Kaiju Kommentary: Godzilla Against MechaGodzilla (2002)

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The beauty of the “Millennium” series of Godzilla films, which lasted from 1999 until 2004, is that the producers were pretty much given “carte blanche” to do whatever they wanted with each film. Shusuke Kaneko, director of the excellent Godzilla, Mothra & King Ghidorah: Giant Monsters All-Out Attack (GMK), ran with this freedom, portraying Godzilla as a sadistic fiend with supernatural powers who can only be taken down by an all-star team of kaiju. For the follow-up, 2002’s Godzilla Against MechaGodzilla, director Masaaki Tezuka would go in a very different direction, turning to anime for inspiration rather than folklore to create what is essentially a stripped-down and self-contained retelling of 1992’s Godzilla vs. MechaGodzilla 2.

The beginning of the film will feel familiar to anyone who has seen Godzilla vs. Megaguirus, which was also directed by Tezuka. The same ominous music is used, and once again we are introduced via flashback to a female soldier who harbors a grudge against Godzilla. The soldier, Akane Yashino, is indirectly responsible for the death of her squad at the hands (claws?) of Godzilla, and as a result becomes emotionally closed-off to the world. Several years later, a scientist named Tokumitsu Yuhara successfully uses the skeletal remains of the original Godzilla (killed in 1954) to create MechaGodzilla, AKA “Kiryu” – a biomechanical monster who is to be piloted by Akane and used to destroy Godzilla.

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It feels so good to be able to summarize the plot to a Godzilla film in one paragraph! Godzilla vs. MechaGodzilla has a lean, efficiently-told story that nonetheless has some of the more relatable characters in the series. Each character has believable motivations as well as an arc that contains just enough development to cause you to genuinely root for them. Akane is cold and detached, but you sense her intense sorrow and repentance, which never get in the way of her sense of duty as a soldier. Similarly, Tokumitsu juggles his moral obligations as a scientist with his responsibilities as a single father.

Godzilla Against MechaGodzilla is hugely influenced by anime – in particular, the 1990’s series Neon Genesis Evangelion. For those not familiar with the greatest anime series of all-time, here is a quick synopsis. After a mysterious apocalyptic event, Earth is under constant attack by monstrous creatures referred to as “angels,” who can only be stopped by titanic biomechanical robots that are piloted by emotionally unstable teens. Evangelion’s fingerprints are all over this film, from the basic plot resemblance to Kiryu going “berserk” in a similar fashion to Unit 01 from the anime. There’s much more, but I’ll refrain from embarrassing myself too much. Just go watch Evangelion, now!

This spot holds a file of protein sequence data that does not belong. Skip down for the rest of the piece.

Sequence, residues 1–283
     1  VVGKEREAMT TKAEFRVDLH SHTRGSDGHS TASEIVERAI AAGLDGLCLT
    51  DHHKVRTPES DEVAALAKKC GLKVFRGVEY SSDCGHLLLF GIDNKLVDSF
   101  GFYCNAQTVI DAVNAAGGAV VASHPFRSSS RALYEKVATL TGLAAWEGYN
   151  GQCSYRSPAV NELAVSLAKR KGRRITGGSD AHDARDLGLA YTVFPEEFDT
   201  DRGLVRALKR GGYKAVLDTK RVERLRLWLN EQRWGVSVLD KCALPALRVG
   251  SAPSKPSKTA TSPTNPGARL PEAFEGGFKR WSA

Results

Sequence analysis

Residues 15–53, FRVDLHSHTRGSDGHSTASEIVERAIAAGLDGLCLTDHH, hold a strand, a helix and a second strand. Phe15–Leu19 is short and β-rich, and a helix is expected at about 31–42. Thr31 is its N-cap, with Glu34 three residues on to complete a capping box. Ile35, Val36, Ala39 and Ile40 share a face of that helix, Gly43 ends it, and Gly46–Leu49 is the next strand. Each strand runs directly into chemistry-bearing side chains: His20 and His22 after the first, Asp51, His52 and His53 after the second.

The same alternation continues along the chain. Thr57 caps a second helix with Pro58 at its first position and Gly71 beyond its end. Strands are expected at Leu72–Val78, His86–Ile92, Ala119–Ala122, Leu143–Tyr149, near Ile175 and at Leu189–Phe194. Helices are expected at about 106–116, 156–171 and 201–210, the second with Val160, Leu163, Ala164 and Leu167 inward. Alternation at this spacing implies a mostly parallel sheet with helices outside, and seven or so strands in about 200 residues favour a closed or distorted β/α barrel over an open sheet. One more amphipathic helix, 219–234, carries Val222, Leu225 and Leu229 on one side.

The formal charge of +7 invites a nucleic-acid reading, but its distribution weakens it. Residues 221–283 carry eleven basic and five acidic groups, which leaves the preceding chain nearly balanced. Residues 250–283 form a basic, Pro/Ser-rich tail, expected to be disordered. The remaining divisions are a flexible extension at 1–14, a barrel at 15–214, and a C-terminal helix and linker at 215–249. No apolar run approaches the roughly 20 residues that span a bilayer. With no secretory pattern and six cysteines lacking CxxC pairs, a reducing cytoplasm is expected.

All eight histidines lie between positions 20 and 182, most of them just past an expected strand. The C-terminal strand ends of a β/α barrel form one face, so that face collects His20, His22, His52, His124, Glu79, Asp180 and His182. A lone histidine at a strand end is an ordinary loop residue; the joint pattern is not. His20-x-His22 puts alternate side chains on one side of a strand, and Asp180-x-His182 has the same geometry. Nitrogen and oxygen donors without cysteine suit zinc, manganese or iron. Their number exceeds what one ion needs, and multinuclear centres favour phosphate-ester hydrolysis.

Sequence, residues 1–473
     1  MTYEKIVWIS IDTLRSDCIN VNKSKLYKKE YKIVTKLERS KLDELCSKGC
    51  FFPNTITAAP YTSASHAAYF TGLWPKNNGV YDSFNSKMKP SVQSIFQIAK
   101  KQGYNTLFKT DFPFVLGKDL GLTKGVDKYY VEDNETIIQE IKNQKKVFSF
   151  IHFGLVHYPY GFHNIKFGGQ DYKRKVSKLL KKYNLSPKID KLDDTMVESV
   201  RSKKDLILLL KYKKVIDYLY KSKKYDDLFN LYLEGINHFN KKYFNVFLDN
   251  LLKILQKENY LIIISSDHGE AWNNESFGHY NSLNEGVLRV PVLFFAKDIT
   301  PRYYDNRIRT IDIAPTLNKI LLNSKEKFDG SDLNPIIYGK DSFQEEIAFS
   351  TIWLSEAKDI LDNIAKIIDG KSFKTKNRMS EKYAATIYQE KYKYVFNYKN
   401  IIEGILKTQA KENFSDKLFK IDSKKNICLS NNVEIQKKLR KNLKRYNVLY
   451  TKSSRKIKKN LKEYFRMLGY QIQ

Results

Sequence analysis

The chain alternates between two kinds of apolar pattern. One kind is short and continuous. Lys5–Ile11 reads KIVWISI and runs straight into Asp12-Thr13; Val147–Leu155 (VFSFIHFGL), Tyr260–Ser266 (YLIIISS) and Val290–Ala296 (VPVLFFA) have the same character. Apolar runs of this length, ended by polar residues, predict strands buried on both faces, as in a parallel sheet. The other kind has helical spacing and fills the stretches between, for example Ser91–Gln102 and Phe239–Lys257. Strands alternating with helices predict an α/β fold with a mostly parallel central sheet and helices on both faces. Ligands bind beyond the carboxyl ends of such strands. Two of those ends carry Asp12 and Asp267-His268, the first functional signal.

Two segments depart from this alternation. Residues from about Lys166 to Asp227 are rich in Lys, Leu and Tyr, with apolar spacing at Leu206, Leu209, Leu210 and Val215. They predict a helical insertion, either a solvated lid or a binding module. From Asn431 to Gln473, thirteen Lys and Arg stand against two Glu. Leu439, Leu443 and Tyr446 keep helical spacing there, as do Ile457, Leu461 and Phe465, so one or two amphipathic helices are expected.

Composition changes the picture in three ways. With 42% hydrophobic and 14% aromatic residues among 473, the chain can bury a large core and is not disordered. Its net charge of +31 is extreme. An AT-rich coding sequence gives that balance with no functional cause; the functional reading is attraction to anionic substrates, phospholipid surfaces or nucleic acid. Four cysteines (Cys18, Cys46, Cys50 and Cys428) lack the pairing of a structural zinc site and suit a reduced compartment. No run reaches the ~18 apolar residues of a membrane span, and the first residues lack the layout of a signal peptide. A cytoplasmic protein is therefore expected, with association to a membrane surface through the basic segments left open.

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The film builds up to one long battle between Kiryu and Godzilla that is imaginative and thrilling. Kiryu shows a degree of versatility unseen in previous films featuring MechaGodzilla, with proficiency in close-range combat as well as the expected arsenal of missiles and lasers. Kiryu’s jetpack provides the mechanical beast with some much-needed mobility, but one of the film’s biggest drawbacks is how comical it is to watch a CGI monster zip around Tokyo at ridiculous speeds. Aside from the flight effects, the distracting CGI is reigned-in, and we’re treated to some good old-fashioned monster wrasslin’.

While not as daring and unpredictable as GMKGodzilla Against MechaGodzilla is still one of the most enjoyable films in the series, and arguably the best of the five that feature the robotic doppelganger. It combines two of my favorite geek properties, but shows a surprising amount of restraint by wearing its admiration of Evangelion on its sleeve without being overindulgent. The film is full of eye-popping imagery and plenty of exciting action, and never wears out its welcome. Fortunately, we get a chance to be reunited with Tezuka and Kiryu in the next film, which is the only direct sequel in the Millennium series.

Featured Kaiju: Godzilla, MechaGodzilla (Kiryu)

Fun Fact: Titanosaurus (from 1975’s Terror of MechaGodzilla) was originally planned to team up with Kiryu against Godzilla.

Memorable Moment: Not one, but TWO cameos by legendary baseball player Hideki Matsui

 

 

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